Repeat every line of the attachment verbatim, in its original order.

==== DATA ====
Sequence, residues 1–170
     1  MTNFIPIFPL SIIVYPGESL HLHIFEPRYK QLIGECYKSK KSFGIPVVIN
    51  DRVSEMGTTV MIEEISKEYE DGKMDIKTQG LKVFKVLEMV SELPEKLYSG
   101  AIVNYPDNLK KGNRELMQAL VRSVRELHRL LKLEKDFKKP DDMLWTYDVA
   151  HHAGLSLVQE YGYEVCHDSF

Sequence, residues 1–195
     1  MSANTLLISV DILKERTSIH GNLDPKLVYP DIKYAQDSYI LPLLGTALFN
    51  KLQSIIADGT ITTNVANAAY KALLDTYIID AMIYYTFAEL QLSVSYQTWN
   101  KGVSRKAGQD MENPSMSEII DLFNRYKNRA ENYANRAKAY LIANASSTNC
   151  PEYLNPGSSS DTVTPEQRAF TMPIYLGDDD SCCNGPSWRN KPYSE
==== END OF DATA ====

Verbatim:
Sequence, residues 1–170
     1  MTNFIPIFPL SIIVYPGESL HLHIFEPRYK QLIGECYKSK KSFGIPVVIN
    51  DRVSEMGTTV MIEEISKEYE DGKMDIKTQG LKVFKVLEMV SELPEKLYSG
   101  AIVNYPDNLK KGNRELMQAL VRSVRELHRL LKLEKDFKKP DDMLWTYDVA
   151  HHAGLSLVQE YGYEVCHDSF

Sequence, residues 1–195
     1  MSANTLLISV DILKERTSIH GNLDPKLVYP DIKYAQDSYI LPLLGTALFN
    51  KLQSIIADGT ITTNVANAAY KALLDTYIID AMIYYTFAEL QLSVSYQTWN
   101  KGVSRKAGQD MENPSMSEII DLFNRYKNRA ENYANRAKAY LIANASSTNC
   151  PEYLNPGSSS DTVTPEQRAF TMPIYLGDDD SCCNGPSWRN KPYSE